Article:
St Hilda's College, Oxford

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St Hilda's College
Sthildas south building.JPG
South Building
Arms: Azure, on a fess or three estoiles gules in chief two unicorns' heads couped, in base a coiled serpent argent.
Location Cowley Place
Coordinates 51°44′57″N1°14′43″W / 51.749162°N 1.245334°W / 51.749162; -1.245334 Coordinates: 51°44′57″N1°14′43″W / 51.749162°N 1.245334°W / 51.749162; -1.245334
Latin nameCollegium Sanctae Hildae
Mottonon frustra vixi (I lived not in vain)
Named for Hilda of Whitby
Sister college Peterhouse, Cambridge
Principal Sir Gordon Duff
Undergraduates400 [1] (2011/2012)
Postgraduates175 [2]
Major eventsSt Hilda's College Ball
Oxford map small.svg
Red pog.svg
Location in Oxford city centre

St Hilda's College is one of the constituent colleges of the University of Oxford in England. The college is named after the Anglo-Saxon Saint, Hilda of Whitby and was founded in 1893 as a hall for women; remaining an all-women's college until 2008. [3] St Hilda's was the last single-sex college in the university as Somerville College had admitted men in 1994. [3] The college now has almost equal numbers of men and women at both undergraduate and postgraduate level.


The current Principal is Sir Gordon Duff, who took up the post in 2014.

As of 2018, the college had an endowment of £52.1 million and total assets of £113.4 million. [4]


St Hilda's was founded by Dorothea Beale (who was also a headmistress at Cheltenham Ladies' College) in 1893, as St Hilda's Hall and recognised by the Association for the Education of Women as a women's hall in 1896. [5] It was founded as a women's college, a status it retained until 2008. Whilst other Oxford colleges gradually became co-educational, no serious debate at St Hilda's occurred until 1997, according to a former vice-principal, and then the debate solely applied to the issue of staff appointments. [6] After a vote on 7 June 2006 by the Governing Body, [3] men and women can be admitted as fellows and students. This vote was pushed through with a narrow margin and followed previous unsuccessful votes which were protested by students because of the "high-handed" manner in which they were held. [7]

In October 2007 a supplemental charter was granted and in 2008 male students were admitted to St Hilda's for the first time. The College now has almost equal numbers of men and women at both undergraduate and postgraduate level. In August 2018, the interim Norrington Table showed that 98 per cent of St Hilda's finalist undergraduates obtained at least a 2.i in their degree. [8]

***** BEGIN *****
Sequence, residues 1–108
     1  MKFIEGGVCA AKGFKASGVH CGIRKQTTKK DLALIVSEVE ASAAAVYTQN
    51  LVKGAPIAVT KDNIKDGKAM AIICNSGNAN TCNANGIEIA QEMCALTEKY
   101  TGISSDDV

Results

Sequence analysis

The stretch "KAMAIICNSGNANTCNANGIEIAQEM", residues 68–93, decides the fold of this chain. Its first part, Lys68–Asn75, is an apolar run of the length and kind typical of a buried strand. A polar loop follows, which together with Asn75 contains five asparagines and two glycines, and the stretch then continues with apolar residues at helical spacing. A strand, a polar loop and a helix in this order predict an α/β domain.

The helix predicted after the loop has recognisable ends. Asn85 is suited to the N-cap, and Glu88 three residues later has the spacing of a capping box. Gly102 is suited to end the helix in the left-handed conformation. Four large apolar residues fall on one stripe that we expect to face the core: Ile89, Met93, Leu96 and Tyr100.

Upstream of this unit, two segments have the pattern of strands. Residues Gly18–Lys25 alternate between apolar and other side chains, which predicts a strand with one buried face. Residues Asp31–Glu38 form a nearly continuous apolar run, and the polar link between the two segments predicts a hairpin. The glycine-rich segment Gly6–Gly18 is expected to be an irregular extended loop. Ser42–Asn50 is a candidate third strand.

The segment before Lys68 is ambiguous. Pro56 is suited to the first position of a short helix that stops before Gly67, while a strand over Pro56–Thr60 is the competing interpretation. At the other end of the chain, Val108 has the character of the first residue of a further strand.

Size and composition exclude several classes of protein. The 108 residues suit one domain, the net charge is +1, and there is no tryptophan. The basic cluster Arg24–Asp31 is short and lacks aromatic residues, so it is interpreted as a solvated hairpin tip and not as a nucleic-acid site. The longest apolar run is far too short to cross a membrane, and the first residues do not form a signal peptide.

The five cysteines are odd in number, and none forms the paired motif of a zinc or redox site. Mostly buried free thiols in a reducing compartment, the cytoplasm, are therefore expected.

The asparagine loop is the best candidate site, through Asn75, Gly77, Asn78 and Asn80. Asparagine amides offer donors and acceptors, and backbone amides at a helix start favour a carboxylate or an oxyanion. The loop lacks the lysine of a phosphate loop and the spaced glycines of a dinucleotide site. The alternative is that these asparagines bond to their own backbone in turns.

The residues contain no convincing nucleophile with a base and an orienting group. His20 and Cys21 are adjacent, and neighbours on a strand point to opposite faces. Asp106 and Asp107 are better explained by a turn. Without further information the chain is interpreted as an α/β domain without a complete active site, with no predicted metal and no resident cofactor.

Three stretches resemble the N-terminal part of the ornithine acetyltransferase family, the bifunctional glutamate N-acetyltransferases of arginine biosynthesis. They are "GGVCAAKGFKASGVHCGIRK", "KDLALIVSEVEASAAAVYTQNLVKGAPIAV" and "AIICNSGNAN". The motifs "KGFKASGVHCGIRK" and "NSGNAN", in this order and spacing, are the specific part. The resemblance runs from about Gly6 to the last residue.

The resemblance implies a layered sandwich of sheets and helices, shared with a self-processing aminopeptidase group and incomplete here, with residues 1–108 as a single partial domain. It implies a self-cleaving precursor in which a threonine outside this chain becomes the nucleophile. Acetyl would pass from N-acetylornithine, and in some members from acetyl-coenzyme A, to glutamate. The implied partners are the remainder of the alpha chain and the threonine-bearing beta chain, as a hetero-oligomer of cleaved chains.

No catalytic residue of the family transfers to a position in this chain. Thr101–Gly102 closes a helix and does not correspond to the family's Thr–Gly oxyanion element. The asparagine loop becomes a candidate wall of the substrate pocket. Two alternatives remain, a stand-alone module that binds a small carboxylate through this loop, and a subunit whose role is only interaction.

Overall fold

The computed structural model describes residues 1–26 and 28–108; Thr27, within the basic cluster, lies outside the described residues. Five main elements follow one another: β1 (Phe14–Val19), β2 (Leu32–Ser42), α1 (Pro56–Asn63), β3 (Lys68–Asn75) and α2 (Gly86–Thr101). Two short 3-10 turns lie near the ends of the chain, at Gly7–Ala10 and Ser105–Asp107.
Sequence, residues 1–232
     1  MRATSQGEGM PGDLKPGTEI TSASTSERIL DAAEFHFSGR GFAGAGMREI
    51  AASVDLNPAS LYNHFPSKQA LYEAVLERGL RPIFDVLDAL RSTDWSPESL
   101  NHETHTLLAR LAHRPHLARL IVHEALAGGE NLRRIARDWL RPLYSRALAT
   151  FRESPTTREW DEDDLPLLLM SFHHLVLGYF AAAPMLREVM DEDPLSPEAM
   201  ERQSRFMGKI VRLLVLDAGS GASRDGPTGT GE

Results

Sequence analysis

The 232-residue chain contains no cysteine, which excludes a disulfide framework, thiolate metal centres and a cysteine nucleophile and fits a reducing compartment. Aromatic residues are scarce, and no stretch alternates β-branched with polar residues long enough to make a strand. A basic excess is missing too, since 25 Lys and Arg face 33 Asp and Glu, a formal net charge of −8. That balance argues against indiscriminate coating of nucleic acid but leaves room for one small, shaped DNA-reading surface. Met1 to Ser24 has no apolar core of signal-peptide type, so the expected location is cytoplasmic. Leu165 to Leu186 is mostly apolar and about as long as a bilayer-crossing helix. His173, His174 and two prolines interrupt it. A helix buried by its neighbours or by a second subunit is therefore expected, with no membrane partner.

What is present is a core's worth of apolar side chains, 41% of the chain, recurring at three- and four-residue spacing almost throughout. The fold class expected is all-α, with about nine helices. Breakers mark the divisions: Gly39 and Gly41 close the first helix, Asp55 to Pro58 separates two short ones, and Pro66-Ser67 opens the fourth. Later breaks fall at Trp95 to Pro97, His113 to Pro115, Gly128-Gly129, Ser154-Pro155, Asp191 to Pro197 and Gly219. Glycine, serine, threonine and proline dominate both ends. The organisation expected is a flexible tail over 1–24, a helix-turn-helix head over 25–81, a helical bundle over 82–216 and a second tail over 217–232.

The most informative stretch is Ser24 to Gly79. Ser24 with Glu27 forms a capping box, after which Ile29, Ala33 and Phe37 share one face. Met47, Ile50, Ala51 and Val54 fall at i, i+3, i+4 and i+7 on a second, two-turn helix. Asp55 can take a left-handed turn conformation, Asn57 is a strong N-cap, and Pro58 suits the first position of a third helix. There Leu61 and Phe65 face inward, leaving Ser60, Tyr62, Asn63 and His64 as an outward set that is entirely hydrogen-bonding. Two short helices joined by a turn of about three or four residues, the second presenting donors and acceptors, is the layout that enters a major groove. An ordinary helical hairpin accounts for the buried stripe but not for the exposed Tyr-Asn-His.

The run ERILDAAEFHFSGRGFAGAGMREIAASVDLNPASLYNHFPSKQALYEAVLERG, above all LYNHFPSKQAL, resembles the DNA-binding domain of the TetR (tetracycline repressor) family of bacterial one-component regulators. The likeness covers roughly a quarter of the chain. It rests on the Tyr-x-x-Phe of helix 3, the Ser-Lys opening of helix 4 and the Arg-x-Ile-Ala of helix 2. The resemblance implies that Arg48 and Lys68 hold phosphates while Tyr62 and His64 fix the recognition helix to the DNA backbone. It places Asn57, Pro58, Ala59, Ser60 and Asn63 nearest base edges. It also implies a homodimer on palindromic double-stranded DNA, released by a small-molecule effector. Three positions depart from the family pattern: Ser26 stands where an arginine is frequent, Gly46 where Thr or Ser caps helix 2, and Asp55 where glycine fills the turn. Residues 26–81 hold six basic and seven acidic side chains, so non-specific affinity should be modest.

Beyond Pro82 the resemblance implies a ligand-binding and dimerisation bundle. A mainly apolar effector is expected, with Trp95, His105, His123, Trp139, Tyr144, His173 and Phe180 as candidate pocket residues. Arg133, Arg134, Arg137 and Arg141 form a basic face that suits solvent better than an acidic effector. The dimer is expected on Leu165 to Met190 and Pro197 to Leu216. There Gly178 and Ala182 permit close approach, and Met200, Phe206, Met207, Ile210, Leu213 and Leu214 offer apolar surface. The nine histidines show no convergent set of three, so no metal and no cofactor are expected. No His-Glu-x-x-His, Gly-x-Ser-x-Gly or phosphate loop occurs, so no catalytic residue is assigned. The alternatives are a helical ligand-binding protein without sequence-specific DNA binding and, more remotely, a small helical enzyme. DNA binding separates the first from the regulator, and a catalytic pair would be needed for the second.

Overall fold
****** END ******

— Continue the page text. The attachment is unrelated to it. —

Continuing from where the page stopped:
Women's rowing

St Hilda's was the first women's college in Oxford and Cambridge to create a women's VIII in 1911. It was St Hilda's student H.G. Wanklyn who formed OUWBC and coxed in the inaugural Women's Boat Race of 1927, with five Hilda's rowers. In 1969, the St Hilda's Eight made Oxford history when they became the first ever female crew to row in the Summer Eights. They placed 12th. [9]


St Hilda's students were the subject of the Channel 4 documentary series College Girls , broadcast in 2002. [10]

Buildings and grounds

Milham Ford Building by the River Cherwell Sthildas milhamford by cherwell.JPG
Milham Ford Building by the River Cherwell

The college is located at the eastern end of the High Street, Oxford, over Magdalen Bridge, in Cowley Place, making it the only University of Oxford college lying east of the River Cherwell. It is the most conveniently situated Oxford college for the Iffley Road Sports Complex, a focus for Oxford University Sport.[ citation needed ]


Its grounds include six major buildings, which contain student accommodation, teaching areas, dining hall, the library and administration blocks. The first building occupied by the hall was Cowley House built by Humphrey Sibthorp. Together with later extensions it is now known as Hall. In 1921 the hall acquired the lease of Cherwell Hall, now known as South, which was originally Cowley Grange, a house built by A. G. Vernon Harcourt. [5] The lease of Milham Ford, a former school between Hall and South, was acquired in 1958. [11] More recent additions are Wolfson (opened in 1964), Garden (by Alison and Peter Smithson, opened in 1971), and the Christina Barratt Building (opened in 2001). [12] In Autumn 2020, a new Boundary Building replaced some of the older buildings, while Milham Ford, which was demolished in 2018, was replaced by a new riverside "Pavilion". [13] [14] The college also owns a number of properties on Iffley Road, and in the Cowley area.[ citation needed ]

The Jacqueline Du Pré Music Building

The Jacqueline Du Pre Music Building Jacqueline Du Pre Music Building, Oxford.jpg